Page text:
TUCSON, Ariz. (KOLD News 13) - Lanterns finally took flight in southern Arizona on Saturday night, Nov. 2.
This one was put on by a different company than the one that tried to organize one in Tucson in October.
The company Night Lights was founded by Spencer Humiston in 2018. So far in 2019, he has hosted 19 events across the United States, the most recent and final one of the season at the Pinal County fairgrounds.
“We’re in Spokane, in Salt Lake City, outside New York City. Most of the metro areas outside the US," Humiston said.
If the company name sounds familiar, it’s because it’s very close to the name of a company who tried to put on a lantern festival in Tucson.
“Light the Night” events, managed by Event Manager Dalton York, first attempted to host an event in June. It was rescheduled to August, then to October, and now with no new date.
Read more about KOLD News 13’s reports on the Light the Night festival HERE.
Thousands of people packed the fairgrounds to see the lanterns, several from Tucson who had heard about the controversy surrounding the other festival.
“This one definitely has everything they promised," said Brittany Taylor, a Tucson resident. Taylor said she had been hearing about the Light the Night event that has yet to happen. "I always see that it always gets canceled or postponed and never rescheduled.”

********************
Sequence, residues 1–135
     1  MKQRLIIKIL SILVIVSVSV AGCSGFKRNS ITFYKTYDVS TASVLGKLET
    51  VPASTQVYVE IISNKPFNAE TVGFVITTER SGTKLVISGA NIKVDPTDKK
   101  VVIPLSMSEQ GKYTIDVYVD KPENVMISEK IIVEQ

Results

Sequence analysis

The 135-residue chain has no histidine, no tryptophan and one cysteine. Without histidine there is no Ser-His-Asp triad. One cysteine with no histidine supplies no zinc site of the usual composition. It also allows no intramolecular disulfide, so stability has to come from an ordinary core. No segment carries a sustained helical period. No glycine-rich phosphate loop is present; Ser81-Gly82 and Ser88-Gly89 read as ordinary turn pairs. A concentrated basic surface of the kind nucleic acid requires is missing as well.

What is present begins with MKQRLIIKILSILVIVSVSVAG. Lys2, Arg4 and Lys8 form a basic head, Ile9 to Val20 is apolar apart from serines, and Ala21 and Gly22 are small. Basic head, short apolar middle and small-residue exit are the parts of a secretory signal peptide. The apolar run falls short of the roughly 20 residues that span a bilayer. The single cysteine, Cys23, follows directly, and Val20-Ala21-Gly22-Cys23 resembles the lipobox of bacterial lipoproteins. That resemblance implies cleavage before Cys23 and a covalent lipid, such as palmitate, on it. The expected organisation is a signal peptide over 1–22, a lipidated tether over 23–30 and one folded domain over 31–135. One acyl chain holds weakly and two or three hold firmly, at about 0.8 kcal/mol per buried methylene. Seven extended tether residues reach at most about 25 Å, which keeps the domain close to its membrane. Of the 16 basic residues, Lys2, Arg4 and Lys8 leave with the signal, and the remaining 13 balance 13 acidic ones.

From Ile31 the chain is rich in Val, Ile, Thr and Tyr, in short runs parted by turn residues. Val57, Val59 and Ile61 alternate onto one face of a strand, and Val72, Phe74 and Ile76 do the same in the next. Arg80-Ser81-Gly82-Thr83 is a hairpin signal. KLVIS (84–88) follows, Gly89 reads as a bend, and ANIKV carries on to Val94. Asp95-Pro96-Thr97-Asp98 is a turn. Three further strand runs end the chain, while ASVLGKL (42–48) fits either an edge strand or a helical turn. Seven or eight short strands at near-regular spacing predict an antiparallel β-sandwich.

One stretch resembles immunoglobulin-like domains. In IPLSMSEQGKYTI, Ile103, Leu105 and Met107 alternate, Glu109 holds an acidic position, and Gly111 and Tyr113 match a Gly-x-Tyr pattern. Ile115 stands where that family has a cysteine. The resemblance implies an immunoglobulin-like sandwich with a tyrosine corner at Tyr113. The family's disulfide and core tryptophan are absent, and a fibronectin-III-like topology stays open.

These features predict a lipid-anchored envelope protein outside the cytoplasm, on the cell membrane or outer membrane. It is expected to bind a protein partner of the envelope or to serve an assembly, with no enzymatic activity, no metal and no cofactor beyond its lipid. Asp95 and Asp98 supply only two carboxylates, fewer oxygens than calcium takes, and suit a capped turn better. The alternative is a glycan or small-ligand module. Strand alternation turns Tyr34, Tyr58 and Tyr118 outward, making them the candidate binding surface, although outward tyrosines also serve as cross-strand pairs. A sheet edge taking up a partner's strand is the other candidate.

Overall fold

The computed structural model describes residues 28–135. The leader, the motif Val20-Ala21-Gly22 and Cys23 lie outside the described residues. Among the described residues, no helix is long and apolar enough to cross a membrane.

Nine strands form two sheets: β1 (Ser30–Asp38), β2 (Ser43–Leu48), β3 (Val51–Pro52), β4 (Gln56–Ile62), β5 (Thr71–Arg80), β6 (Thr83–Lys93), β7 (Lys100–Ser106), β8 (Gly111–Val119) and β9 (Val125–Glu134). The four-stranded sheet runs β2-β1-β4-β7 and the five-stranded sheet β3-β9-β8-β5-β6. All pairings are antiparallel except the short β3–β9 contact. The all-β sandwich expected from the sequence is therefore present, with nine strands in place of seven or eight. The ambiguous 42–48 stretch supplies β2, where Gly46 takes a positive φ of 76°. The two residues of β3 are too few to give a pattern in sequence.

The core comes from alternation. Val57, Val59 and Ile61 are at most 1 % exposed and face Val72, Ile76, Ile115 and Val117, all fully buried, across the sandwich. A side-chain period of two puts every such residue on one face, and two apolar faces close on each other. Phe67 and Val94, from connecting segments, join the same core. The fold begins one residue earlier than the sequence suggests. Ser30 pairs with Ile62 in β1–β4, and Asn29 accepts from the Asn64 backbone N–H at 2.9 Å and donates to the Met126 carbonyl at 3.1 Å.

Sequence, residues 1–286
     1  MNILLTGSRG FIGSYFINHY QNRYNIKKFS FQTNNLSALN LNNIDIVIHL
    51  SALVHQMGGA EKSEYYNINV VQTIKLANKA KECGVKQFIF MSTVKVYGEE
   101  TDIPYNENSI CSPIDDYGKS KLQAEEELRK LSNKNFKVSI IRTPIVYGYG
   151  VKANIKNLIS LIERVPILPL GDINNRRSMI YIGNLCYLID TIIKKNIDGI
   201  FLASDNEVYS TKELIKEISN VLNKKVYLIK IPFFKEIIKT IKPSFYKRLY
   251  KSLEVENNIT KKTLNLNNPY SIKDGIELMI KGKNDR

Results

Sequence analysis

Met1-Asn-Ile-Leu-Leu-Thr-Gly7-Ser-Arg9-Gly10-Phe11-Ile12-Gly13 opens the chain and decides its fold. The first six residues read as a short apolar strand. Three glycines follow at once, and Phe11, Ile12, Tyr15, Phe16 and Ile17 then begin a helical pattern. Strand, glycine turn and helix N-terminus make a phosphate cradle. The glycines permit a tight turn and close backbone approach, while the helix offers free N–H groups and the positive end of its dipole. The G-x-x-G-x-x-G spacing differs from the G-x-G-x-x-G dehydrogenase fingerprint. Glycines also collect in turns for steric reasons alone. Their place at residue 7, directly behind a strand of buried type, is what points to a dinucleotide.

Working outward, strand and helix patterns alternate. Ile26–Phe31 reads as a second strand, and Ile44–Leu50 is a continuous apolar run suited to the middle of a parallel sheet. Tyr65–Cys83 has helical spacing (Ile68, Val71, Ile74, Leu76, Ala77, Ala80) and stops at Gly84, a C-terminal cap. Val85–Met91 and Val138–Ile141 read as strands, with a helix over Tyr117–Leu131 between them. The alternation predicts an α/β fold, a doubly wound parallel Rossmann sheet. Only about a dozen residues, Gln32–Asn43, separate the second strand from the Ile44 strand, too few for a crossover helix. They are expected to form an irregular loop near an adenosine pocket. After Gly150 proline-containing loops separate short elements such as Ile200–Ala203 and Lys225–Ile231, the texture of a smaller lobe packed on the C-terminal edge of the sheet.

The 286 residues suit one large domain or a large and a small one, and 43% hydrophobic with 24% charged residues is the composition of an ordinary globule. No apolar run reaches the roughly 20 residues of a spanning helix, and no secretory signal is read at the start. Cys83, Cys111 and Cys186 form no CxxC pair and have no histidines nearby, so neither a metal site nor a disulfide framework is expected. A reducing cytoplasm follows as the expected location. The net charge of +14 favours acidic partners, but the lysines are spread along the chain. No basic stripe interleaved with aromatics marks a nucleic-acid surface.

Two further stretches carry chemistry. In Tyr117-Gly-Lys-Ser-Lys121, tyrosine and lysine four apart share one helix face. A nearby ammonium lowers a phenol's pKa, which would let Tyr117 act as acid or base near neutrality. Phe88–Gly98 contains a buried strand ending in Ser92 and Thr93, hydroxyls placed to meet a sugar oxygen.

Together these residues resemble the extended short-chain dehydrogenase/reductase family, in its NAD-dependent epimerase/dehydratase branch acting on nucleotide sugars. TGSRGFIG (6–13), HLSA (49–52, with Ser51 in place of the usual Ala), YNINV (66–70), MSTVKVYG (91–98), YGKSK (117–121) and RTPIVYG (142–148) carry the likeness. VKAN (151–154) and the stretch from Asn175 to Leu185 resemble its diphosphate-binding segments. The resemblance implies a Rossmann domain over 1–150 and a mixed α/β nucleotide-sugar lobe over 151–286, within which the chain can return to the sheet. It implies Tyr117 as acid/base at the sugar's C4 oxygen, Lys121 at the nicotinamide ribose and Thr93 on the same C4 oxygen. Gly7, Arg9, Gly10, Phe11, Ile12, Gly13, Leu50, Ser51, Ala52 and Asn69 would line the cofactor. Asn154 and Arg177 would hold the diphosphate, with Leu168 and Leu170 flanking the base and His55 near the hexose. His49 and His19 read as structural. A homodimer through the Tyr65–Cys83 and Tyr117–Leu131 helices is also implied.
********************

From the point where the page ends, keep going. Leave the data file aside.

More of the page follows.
Taylor said the confusion over that event crossed over to the Night Lights event, with many questioning its authenticity.
“I feel like this event has gotten backlash because the lantern fest in Tucson,” Taylor said.
People’s uncertainty popped up on Humiston’s radar several weeks ago, which is why he wanted to extend an offer to all those effected.
“I kind of became aware of some issues with some other events in the area and kind of wanted to reach out to people who felt like they paid for their tickets but weren’t able to have their event. I wanted to give them a chance to get hooked up with relatively inexpensive ticket to our event," Humiston said.
It’s no simple task to put on this event. Humiston said this one took nine months of preparation to gather the permits, and arrange things with police and fire. And it also all came down to Mother Nature’s cooperation.
“Anytime, even during today, if it gets to the point where we can’t do it because a thunderstorm rolls in or the wind, then we offer everybody a chance to come out to the make up event," said Humiston.
Despite the challenges it takes to get this event off the ground, it still happened. And the questions or controversy he had to deal with prior to Saturday are now fading off into the distance.
“It’s just a really cool event that brings across just an incredibly diverse demographic and I’m very proud that we do it. I think people have a really good time," Humiston said.